Playing to Win vs Playing Not To Lose: The Difference and Why It Matters

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Estimated Reading Time: 4 mins

There’s a big difference in the way athletes play when they are playing to win vs playing not to lose.

As a coach or parent, it’s probably easy to spot the difference when watching a competition.

When teams are playing not to lose, it’s often when big leads are lost or teams start to back down when the score gets tight. It looks like hesitation and second-guessing. It can be so frustrating to watch!

When teams and athletes are playing to win, however, often we’ll see aggressiveness, risk-taking, and overall more confident play.

So how do we get our athletes to play to WIN, rather than not to lose?

Here are a few ways to shift the mindset and help athletes show up confident and aggressive, no matter the score or opponent. 

First, what’s the big difference?

Here’s what the difference looks like on the court/field:

Playing Not To Lose

  • Hesitating
  • Avoiding plays
  • Giving the ball away instead of taking the shot
  • Playing it safe
  • Playing rushed/frantic

Playing to win looks a little different.

Playing to Win

  • Aggressive play
  • “Going for it”
  • Taking risks
  • Talking/communicating
  • Playing calm and in control

Reasons why athletes “Play not to lose”

Athletes who are playing to avoid losing are usually struggling with some underlying confidence issues.

Here are some common reasons that athletes resort to the “playing not to lose” mindset:

Fear of failure
Fear of letting others down 

Shifting to Playing to Win

Reframing perfectionism and overcoming fear of failure and letting others down take awareness, strategies, and time. However, here are some tips to shift athletes to playing to win.

#1: Change the Focus

 When athletes are playing to lose, they are focusing on what NOT to do. Often this means they are concerned about not making mistakes or not doing something wrong.

What we focus on expands, so typically this results in athletes doing what they are trying to avoid. This happens because when athletes hold back, hesitate, or “play it safe” they can actually be prone to more errors. This can quickly result in a negative spiral!

The key is for athletes to shift the focus to what they WANT to do instead.

For example, this would mean instead of an athlete focusing on not missing her serve, she instead would focus on where she wants her serve to go.

Another example: Instead of focusing on not turning the ball over, the athlete would instead focus on making a v-cut to create space between her and her defender.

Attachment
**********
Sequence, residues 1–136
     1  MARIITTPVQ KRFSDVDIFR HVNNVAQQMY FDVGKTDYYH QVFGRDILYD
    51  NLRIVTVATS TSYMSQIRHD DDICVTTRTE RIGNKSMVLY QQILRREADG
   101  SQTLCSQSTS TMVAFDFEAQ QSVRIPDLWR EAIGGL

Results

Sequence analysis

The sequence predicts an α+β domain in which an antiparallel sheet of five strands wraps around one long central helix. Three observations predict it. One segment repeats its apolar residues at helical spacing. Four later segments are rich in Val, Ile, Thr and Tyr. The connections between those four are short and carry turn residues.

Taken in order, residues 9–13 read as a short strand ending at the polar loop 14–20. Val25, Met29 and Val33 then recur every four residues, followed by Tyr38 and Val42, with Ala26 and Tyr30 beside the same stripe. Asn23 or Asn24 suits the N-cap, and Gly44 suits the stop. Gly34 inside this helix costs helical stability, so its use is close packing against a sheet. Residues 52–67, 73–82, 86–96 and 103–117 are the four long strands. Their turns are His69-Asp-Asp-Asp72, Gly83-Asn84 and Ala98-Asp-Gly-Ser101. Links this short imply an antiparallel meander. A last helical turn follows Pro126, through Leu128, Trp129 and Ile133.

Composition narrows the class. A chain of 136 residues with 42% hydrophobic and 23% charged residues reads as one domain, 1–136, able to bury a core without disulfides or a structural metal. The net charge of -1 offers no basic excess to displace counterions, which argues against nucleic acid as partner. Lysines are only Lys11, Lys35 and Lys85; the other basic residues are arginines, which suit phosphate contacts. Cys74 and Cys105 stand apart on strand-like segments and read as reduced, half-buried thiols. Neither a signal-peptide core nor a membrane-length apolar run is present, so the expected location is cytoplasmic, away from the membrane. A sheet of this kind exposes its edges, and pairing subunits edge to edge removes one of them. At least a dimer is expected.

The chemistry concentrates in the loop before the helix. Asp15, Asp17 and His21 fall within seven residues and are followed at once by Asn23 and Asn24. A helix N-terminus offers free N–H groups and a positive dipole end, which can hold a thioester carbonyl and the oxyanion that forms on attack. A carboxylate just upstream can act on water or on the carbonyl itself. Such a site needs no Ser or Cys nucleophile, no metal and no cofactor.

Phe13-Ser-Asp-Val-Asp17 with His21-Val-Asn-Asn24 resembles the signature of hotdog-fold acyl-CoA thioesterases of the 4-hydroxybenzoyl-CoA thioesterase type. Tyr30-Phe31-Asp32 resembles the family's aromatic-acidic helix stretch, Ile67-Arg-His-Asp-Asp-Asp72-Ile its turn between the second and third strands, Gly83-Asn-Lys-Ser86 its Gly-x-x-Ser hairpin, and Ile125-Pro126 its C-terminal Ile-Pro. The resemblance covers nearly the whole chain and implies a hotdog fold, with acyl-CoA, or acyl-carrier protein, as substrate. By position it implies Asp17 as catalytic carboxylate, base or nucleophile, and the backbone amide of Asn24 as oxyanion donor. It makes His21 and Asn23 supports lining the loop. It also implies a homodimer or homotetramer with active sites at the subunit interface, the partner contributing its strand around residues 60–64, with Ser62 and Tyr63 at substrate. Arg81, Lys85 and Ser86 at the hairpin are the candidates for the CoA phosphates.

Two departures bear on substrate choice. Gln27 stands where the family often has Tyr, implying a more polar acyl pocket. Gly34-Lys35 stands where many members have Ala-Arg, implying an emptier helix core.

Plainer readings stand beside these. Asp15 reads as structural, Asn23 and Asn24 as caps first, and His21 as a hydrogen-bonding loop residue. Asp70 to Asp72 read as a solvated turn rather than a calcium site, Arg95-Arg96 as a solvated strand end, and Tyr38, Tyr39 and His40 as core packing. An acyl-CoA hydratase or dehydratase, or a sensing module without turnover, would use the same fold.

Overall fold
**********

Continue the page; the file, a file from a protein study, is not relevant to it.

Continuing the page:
This helps the athlete focus on specifics related to what is in their control, rather than worrying about the outcome.

#2: Upgrade Self-Talk

Typically when athletes are playing not to lose, they are saying things like:

“Don’t mess up”
“Don’t pass the ball to me”
“I need to score now”
“If I don’t _____ (score, do this skill, etc), we will lose” 

Athlete’s self-talk is directly linked to their confidence and how they play on the court/field. 

Similar to shifting their focus to what they WANT to do, upgrading self-talk could involve repeating an established reset word that invokes positive emotions, or repeating affirmations.


“Serve goes in. You got this”
“One rep at a time”
“Breathe, focus on your platform”
“You are a fast, aggressive defender”
“You are a strong, explosive hitter” 

Or, words such as: 


#3: Visualize Success

One of the most powerful ways to help athletes show up as the most confident versions of themselves is to visualize BEFORE getting into competition.

To do this, athletes decide how they want to play, compete, or perform. If they know that they tend to get more timid, hesitant, or rushed in certain situations like when the game gets tight or when the opponent is tough, they’ll want to specifically visualize those situations and determine how they want to play instead.

Once they have a situation in mind, they will spend 2-3 minutes visualizing how they want to play/compete. With as much detail as possible, athletes will bring that situation to mind and have it play out. Instead of seeing themselves rushed, timid, or focusing on not making mistakes, they will see themselves playing confidently, aggressively, and taking risks.

The more they can repeat this visualization, the better! They will slowly allow their mind and body to be prepared for these moments so they can play to win, rather than not to lose.


There you have it! If your athlete tends to focus on not losing, shifting the focus to playing to WIN can be a literal game-changer.

If you’re looking for more ways to help your athlete daughter show up as the most confident version of herself on and off the court/field, be sure to join our free Facebook community for female athletes, moms, and coaches! You’ll learn tips, strategies, and resources as well as weekly trainings to help your athlete cultivate confidence and unlock her potential. Join here:

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